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Mashhad city

Mashhad History
Mashhad is the second most populous city in Iran and capital of Razavi Khorasan Province. It is located in the northeast of the country, close to the borders of Turkmenistan and Afghanistan. Its population was 2,749,374 at the 2011 census and its built-up (or metro) area was home to 2,782,976 inhabitants including Mashhad Taman and Torqabeh cities.[3] It was a major oasis along the ancient Silk Road connecting with Merv in the East.
The city is most famous and revered for housing the tomb of Imam Reza, the eighth Shia Imam. Every year, millions of pilgrims visit the Imam Reza shrine and pay their tributes to Imam Reza.
Mashhad is also known as the city of Ferdowsi, the Iranian poet of Shahnameh, which is considered to be the national epic of Iran. The city is the hometown of some of the most significant Iranian literary figures and artists such as Mehdi Akhavan-Sales, the famous contemporary poet, and Mohammad-Reza Shajarian, the traditional Iranian singer and composer. Ferdowsi and Akhavan Sales are both buried in Tus, an ancient city that is considered to be the main origin of the current city of Mashhad.

Geography and Demographics
The city is located at 36.20º North latitude and 59.35º East longitude, in the valley of the Kashafrud River near Turkmenistan, between the two mountain ranges of Binalood and Hezar Masjed Mountains. The city benefits from the proximity of the mountains, having cool winters, pleasant springs, mild summers, and beautiful autumns. It is only about 250 km (160 mile) from Ashgabat, Turkmenistan.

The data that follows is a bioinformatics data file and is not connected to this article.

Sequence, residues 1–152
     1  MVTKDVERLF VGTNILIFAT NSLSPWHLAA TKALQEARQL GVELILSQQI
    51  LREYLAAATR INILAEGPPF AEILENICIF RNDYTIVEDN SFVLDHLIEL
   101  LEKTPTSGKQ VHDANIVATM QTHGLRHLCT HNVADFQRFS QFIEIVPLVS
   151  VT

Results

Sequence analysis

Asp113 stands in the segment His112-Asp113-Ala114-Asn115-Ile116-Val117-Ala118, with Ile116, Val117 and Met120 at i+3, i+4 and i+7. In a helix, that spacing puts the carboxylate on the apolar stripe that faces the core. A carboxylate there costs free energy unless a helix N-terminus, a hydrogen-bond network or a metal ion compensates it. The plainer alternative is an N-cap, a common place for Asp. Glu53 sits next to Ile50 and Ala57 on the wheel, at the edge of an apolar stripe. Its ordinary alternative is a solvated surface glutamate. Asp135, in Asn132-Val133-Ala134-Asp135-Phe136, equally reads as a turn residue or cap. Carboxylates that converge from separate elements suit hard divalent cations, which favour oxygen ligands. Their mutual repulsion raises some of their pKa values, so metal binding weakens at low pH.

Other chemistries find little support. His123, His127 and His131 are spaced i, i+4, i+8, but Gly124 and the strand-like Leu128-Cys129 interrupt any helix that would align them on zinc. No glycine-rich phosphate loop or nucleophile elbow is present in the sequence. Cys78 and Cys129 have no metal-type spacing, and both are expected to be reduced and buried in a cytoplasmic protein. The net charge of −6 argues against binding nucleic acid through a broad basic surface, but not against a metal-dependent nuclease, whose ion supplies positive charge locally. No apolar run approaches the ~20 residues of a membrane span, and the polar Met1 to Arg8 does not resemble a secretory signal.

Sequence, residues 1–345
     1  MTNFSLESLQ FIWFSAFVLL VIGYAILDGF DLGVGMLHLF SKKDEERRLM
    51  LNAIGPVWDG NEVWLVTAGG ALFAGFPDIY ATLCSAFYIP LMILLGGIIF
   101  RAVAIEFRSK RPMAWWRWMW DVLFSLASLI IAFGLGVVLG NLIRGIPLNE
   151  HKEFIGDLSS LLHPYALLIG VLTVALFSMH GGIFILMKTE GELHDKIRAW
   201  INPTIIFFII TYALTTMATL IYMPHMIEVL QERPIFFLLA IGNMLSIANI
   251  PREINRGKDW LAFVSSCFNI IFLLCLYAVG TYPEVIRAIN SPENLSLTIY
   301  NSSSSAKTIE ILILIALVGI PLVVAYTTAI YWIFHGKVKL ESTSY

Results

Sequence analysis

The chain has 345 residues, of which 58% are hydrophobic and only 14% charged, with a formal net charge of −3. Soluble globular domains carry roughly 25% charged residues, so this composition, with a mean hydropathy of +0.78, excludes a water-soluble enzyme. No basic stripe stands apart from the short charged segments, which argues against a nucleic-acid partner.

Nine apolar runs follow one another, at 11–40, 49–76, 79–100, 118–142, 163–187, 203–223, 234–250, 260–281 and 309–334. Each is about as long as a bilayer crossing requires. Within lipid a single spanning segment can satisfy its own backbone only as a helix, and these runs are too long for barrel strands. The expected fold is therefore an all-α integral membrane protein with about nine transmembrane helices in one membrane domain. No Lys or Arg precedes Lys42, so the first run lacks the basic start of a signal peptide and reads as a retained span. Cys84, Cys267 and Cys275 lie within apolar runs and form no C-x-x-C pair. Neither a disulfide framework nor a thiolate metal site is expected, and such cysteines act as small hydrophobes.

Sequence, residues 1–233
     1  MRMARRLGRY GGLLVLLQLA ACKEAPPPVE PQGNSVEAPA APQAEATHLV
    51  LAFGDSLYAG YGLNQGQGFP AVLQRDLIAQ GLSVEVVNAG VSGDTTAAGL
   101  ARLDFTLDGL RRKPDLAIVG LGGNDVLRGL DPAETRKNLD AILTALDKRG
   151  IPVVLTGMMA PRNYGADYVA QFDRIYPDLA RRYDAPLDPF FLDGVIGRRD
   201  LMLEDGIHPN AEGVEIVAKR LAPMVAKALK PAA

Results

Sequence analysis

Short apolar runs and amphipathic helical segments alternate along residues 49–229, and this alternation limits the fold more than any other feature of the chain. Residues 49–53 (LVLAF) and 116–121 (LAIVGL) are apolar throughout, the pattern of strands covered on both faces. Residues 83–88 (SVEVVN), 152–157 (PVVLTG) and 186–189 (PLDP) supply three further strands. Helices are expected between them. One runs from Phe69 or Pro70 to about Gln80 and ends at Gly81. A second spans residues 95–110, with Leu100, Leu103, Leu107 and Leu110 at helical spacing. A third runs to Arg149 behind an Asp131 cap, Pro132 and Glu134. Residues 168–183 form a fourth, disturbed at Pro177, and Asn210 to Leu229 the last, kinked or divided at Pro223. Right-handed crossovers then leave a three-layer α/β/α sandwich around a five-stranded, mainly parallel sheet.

The city is the administrative center of Mashhad County (or the Shahrestan of Mashhad) as well as the somewhat smaller district (Bakhsh) of Mashhad. The city itself, excluding parts of the surrounding Bakhsh and Shahrestan, is divided into 13 smaller administrative units, with a total population of more than 3 million.
The vast majority of Mashhadi people are ethnic Persians, who form the majority of the city's population. Other ethnic groups include Kurdish and Turkmen people who have immigrated recently to the city from the North Khorasan province. There is also a significant community of non-Arabic speakers of Arabian descent who have assimilated with the Persian culture and no longer speak their own language although they have retained a distinct Arabian culture, cuisine and religious practices. The people from Mashhad who look East Asians are of Turkmen, Hazara or Uyghur ancestry or indeed a combination of all other ethnic groups as racial mixing has been widely practiced in this region since antiquity. Estimates put the number of East Asian looking people from Mashhad close to 33%, i.e. one in three people.
Among the non-Iranians, there are immigrant population of Afghanistan, Iraq and Pakistan. The Afghan immigrants have several neighborhoods around the city. One of the districts inhabited by Afghan immigrants is Golshahr. There are also over 20 million pilgrims who visit the city every year